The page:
The scenery reminded me of what Big Bend National Park ranger Michael Ryan told us hundreds of miles before we reached this part of the southern border.
"It's not just one border," Ryan said. "It changes, depending on where you are."
Ryan has lived along the southern border for nearly 30 years. But after a nearly 2,000-mile journey from south Texas to where the southern border reaches the Pacific Ocean, it seemed like Ryan's words just don't refer to the physical changes.
The southern border is a dynamic environment, culturally and environmentally. It's constantly evolving.
Uncertainty in the borderlands
Pedro Rios leads the San Diego chapter of the American Friends Service Committee, a social justice organization focused on helping immigrants in southern California. Rios says the beginning of the Donald Trump presidency has ushered in the next new era of uncertainty for the borderlands.
"There's a lot of tension," Rios said. "A lot of fears, because in the past, when the border becomes a target, it's an excuse to increase enforcement, (and) the people who live on the border suffer."
It's here in this southwest corner of California where the San Diego metropolitan area hits the Mexican border where the dramatic changes of the border are crystal clear.
On the other side of the border is Tijuana, a sprawling and vibrant city of 1.3 million people. Residents say in recent years the wait times to cross the ports of entry into the United States can take as long as 5 hours on some days.
This section of the U.S.-Mexico border is one of the most heavily fortified sections where the border wall has been doubled up in some places. But here, Homeland Security agents are battling smugglers -- not just above ground but below ground as well.
The San Diego sector is home to a band of Border Patrol agents known as the "Tunnel Rats." This team specializes in uncovering and investigating underground tunnels used to smuggle massive loads of drugs into the United States.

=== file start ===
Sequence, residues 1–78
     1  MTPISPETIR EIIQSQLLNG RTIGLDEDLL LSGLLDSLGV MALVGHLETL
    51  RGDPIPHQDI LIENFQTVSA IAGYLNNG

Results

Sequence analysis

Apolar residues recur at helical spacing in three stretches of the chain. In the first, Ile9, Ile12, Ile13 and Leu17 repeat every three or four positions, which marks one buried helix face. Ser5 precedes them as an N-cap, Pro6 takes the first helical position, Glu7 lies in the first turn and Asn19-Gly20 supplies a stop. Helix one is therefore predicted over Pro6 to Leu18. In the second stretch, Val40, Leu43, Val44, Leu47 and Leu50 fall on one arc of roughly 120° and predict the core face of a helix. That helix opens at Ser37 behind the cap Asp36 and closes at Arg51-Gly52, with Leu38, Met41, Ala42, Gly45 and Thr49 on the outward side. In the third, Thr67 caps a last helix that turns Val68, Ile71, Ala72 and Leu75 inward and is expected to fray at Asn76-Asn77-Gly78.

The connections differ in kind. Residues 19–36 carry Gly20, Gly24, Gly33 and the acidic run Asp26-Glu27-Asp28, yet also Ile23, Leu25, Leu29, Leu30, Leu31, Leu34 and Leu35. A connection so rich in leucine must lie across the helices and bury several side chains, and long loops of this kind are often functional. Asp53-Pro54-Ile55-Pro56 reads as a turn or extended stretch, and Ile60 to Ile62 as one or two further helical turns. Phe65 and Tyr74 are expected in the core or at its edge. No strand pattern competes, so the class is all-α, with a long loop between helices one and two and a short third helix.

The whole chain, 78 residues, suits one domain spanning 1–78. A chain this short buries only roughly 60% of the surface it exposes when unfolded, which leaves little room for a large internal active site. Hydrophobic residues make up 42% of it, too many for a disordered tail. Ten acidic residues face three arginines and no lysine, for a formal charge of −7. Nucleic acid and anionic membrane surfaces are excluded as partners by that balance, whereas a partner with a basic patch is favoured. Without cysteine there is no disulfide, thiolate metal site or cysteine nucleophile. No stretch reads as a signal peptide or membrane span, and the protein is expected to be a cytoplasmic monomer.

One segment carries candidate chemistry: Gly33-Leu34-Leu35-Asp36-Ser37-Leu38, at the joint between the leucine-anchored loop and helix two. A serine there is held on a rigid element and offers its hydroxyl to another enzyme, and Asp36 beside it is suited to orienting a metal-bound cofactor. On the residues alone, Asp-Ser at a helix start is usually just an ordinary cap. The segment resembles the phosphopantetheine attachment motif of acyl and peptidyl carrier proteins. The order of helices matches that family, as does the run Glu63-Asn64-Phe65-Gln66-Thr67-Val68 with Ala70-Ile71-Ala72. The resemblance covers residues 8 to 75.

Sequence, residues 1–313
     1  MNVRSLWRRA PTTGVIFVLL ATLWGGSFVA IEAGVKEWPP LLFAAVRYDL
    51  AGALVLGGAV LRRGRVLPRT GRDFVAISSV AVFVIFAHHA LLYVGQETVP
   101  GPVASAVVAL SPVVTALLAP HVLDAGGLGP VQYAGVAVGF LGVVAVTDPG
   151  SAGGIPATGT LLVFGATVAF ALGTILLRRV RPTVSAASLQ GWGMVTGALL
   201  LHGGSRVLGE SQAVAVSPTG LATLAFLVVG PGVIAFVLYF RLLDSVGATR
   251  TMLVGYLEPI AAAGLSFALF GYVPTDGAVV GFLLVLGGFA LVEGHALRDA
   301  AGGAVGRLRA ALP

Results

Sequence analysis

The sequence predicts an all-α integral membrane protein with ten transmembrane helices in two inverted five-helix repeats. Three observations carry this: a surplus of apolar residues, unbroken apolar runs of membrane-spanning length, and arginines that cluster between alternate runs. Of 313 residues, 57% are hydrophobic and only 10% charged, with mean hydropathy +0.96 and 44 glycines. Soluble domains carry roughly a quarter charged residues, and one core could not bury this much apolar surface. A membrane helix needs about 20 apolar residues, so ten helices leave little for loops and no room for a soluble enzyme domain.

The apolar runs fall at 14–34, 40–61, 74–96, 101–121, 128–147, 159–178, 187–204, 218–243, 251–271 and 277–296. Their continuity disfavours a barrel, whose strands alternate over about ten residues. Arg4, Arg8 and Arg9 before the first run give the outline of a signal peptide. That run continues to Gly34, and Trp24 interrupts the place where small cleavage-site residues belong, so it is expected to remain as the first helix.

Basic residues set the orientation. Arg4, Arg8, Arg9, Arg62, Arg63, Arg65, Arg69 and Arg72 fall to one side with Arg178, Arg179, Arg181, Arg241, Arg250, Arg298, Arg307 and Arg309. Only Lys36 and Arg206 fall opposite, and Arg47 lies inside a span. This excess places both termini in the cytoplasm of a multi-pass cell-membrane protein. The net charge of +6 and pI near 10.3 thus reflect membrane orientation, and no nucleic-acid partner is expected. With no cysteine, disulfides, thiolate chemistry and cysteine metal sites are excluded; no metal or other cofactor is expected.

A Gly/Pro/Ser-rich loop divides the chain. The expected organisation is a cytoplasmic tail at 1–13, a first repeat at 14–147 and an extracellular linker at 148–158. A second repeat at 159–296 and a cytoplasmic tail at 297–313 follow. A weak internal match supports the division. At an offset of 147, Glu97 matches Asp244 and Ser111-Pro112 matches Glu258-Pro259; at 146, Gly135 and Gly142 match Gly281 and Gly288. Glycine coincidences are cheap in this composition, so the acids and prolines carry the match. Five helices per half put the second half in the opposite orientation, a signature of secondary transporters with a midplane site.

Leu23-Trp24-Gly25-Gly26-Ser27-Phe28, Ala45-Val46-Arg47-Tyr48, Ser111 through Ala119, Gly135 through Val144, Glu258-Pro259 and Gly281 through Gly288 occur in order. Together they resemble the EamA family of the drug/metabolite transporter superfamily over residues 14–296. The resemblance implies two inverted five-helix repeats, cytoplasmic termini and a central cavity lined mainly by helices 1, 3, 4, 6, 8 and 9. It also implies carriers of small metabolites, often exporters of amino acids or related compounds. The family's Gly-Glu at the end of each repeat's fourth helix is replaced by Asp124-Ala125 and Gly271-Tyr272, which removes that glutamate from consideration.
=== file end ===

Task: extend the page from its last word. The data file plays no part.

Lance LeNoir, a US Border Patrol operations officer leading the sector's "Tunnel Rats" team, is taking our CNN crew deep inside one of these tunnels.
"The imagination of people trying to come north is something I don't try to second guess. (It is) incredible some of the methods they use," LeNoir said.
To reach the bottom of what's known as the Galvez tunnel, we take a series of four steel ladders straight down a 70-foot shaft.
When we reach the bottom, the air is muggy and one of the first things you see is a makeshift distance marker humorously telling you that Mexico is 8 feet to the south and San Diego is 40 miles to the north.
The Galvez tunnel was discovered in 2009. It was dug from a warehouse that we can see just beyond the border fence and extended about 760 feet to the north toward another warehouse on the US side of the border.
LeNoir said the tunnel was never fully completed, but it speaks to the ingenuity and brute strength used to dig these tunnels under the border walls. The tunnel was cut through jagged rock and measured about 6 feet tall and 4 feet wide.
"They (drug smugglers) are looking for bulk transport," LeNoir said.
This tunnel was equipped with a rail system and electricity. The agent says the tunnels are usually used to move massive loads of marijuana and cocaine.
"We recognize digging crews," he said. "They all have their unique shape, size and little nuances that you pick up."